Pro-Bears coalition forms in Arlington Heights to 'hear from the horse's mouth,' make move happen

Faced with mounting questions and concerns from her clients looking to buy or sell around the Bears' potential new suburban home, Arlington Heights real estate agent Holly Connors decided to pick up the phone and call Halas Hall.

That first phone call has led to weekly meetings the last few weeks with the NFL club's executives - including a recent in-person get-together at the Golden Brunch diner on Golf Road - and formation of a group of area leaders supporting the team's move to town.

The organization, Touchdown Arlington, is billed as a grass-roots coalition of local business owners and residents who want to work with the Bears, elected officials and community members to make the "once-in-a-lifetime opportunity" a reality.

Connors and five others on the steering committee cite the potential regional economic benefits, job creation and millions in future tax revenues for the village and schools. The group formally launched its website,, and Facebook page late last week.

Organizers now are planning their first event: a community meeting with top Bears executives, including new club President Kevin Warren, that could happen as soon as May at the Metropolis Ballroom in downtown Arlington Heights.

"I reached out to the Bears because I wanted to understand their position. I wanted to understand where they're coming from," said Connors, owner of the Arlington Heights-based GetBurbed real estate team and a broker at @properties Christies International Real Estate. "I'm seeing a lot on social media that's negative, and I felt it was important to hear from the horse's mouth."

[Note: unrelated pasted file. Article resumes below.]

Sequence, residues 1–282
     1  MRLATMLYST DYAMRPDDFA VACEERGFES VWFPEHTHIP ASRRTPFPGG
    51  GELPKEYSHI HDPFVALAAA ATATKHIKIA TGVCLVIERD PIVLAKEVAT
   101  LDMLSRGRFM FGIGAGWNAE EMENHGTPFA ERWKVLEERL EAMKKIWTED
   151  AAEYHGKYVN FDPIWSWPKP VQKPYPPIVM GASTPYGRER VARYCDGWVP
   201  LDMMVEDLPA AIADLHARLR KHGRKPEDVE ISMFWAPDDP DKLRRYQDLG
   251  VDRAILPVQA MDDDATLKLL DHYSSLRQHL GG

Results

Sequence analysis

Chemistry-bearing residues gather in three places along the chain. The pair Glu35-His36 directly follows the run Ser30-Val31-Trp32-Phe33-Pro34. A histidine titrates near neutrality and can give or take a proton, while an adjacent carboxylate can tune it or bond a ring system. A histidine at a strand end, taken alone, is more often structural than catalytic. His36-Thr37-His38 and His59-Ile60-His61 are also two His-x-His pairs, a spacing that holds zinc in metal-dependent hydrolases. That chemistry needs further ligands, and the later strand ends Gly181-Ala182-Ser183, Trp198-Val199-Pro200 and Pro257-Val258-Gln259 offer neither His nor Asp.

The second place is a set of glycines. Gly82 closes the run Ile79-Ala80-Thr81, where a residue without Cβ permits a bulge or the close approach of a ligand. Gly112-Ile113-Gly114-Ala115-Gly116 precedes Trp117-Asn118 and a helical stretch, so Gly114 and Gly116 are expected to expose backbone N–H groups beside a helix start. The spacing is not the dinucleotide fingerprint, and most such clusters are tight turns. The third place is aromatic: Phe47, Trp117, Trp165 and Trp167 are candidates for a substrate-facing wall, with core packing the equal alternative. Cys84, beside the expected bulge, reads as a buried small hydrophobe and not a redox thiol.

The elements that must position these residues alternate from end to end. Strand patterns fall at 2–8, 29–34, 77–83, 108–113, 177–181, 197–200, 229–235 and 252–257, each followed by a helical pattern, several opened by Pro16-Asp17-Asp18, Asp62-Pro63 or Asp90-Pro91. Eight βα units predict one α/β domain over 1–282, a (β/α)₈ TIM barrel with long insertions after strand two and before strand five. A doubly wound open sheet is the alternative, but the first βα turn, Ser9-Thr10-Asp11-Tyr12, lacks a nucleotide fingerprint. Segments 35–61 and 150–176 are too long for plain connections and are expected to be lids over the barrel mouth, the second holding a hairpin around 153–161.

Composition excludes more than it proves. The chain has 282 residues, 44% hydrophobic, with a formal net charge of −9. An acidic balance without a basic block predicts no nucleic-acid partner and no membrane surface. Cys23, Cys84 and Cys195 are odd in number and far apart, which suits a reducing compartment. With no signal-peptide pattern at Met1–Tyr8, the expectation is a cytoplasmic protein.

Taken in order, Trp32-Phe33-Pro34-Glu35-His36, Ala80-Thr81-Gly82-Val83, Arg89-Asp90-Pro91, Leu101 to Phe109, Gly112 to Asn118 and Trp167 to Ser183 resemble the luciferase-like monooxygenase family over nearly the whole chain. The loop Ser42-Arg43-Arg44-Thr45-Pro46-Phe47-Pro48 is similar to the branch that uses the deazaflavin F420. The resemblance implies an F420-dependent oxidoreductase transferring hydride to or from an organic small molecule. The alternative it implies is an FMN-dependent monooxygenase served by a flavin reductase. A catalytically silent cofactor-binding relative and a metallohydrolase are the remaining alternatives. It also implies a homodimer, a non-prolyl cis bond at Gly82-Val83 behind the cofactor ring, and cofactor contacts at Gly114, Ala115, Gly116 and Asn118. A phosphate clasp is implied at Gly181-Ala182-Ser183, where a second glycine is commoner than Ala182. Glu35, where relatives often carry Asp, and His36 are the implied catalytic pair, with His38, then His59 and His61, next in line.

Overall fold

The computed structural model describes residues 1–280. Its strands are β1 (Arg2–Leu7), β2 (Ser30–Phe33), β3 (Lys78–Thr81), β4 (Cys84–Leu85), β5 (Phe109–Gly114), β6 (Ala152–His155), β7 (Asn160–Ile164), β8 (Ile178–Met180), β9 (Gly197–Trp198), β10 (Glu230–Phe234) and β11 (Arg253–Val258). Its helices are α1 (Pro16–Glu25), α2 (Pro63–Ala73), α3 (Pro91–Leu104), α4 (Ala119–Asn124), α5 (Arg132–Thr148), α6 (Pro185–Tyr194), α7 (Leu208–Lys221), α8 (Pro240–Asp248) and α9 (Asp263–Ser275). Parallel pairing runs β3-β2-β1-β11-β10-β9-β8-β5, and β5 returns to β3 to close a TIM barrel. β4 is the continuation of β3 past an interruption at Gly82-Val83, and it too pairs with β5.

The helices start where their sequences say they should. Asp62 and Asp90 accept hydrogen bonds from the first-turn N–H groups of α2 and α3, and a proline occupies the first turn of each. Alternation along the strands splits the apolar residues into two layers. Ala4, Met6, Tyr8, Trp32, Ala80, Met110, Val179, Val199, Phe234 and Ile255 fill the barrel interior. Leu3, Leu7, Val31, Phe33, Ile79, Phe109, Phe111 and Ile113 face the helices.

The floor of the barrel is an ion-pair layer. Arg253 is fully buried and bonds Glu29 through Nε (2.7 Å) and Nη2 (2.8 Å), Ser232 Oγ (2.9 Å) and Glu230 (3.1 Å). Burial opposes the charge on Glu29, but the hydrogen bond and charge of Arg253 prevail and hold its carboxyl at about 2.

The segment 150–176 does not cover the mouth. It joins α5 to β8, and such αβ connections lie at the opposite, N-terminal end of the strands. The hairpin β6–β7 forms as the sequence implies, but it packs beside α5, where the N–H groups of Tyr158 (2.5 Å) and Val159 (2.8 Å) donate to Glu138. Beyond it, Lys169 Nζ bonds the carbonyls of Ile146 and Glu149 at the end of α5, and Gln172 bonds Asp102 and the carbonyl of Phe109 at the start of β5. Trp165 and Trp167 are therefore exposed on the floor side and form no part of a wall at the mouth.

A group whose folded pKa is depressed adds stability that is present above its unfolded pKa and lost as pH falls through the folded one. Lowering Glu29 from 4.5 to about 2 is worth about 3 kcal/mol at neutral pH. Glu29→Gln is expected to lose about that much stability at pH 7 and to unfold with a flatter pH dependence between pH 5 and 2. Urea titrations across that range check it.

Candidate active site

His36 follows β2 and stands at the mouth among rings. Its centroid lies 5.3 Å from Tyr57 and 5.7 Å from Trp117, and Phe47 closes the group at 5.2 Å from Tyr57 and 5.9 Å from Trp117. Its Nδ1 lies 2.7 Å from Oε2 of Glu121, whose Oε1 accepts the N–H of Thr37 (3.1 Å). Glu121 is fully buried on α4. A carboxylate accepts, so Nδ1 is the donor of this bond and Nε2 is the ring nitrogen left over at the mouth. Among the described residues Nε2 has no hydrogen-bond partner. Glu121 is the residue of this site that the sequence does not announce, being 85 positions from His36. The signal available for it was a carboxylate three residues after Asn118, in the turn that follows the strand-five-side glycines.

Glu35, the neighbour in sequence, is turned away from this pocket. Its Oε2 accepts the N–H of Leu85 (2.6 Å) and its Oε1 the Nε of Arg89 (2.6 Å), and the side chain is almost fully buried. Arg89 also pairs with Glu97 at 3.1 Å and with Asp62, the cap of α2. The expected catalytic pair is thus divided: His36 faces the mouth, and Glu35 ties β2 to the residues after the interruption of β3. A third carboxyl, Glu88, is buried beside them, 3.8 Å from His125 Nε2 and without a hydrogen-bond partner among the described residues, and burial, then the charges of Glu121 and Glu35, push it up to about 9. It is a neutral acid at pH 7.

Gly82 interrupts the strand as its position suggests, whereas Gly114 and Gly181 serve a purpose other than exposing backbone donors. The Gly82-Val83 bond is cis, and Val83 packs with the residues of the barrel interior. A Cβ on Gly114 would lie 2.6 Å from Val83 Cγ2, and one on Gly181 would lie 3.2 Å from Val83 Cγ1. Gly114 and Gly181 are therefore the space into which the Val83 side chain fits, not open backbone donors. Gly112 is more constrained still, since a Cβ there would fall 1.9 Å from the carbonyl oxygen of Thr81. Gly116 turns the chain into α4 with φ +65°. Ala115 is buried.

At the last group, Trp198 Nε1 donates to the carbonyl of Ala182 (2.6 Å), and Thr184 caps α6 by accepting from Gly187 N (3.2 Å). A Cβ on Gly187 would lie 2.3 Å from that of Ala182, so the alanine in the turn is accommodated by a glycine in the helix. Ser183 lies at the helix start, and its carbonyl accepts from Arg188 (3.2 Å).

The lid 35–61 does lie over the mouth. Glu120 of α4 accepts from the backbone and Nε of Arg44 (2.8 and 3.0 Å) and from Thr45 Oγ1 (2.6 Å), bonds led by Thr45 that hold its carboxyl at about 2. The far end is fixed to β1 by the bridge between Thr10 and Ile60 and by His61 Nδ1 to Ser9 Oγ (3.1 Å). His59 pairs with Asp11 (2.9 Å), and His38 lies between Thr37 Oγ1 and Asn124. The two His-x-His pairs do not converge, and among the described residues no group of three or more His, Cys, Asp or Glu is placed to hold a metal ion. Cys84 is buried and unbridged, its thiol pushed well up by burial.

Bears officials confirmed they've been talking to Connors' group and plan to attend the group's community meeting.

"We welcome and appreciate the support of local residents and business owners who share our vision of building a stadium and entertainment district at Arlington Park, and realize the many benefits this development could bring to the region," the club said in a statement released Friday. "We are committed to continuing the exploration of this opportunity and engaging with the many stakeholders who have an important voice in this process."

Connors said most people she knows favor the team's move to town, but they do share concerns about noise, crime and traffic.

Some question how the Bears' relocation would affect their pocketbooks. Others have suggested, she said, "the McCaskeys don't want to pay taxes."

That's likely an allusion to the team's effort in Springfield to secure a massive tax break for the 326-acre Arlington Park property. The Payments in Lieu of Taxes proposal would freeze the assessment on the site and allow the Bears to make negotiated payments to local taxing bodies such as schools.

"They, of course, are going to pay taxes like everyone else. Of course they are," Connors said. "We just have to do it in a fair and reasonable way."

The coalition, at its meeting with Warren and other leaders, can help "bridge the gap of communication the Bears are struggling with," she said.

The invitation-only meeting - by signing up on the website - would be for business owners, civic organization leaders, residents, season ticket holders, the press and those in favor of the Bears move, Connors said.

Others on the steering committee include Golden Brunch owner Argie Karafotias, developer Drew Bulson of Ketone Partners, attorney Ernest Rose of Drost Kivlahan McMahon & O'Connor, real estate agent and Gerry's Café co-founder Amy Philpott, and Lollipop Balloon Co. owner Michelle Gambro.

Holly Connors
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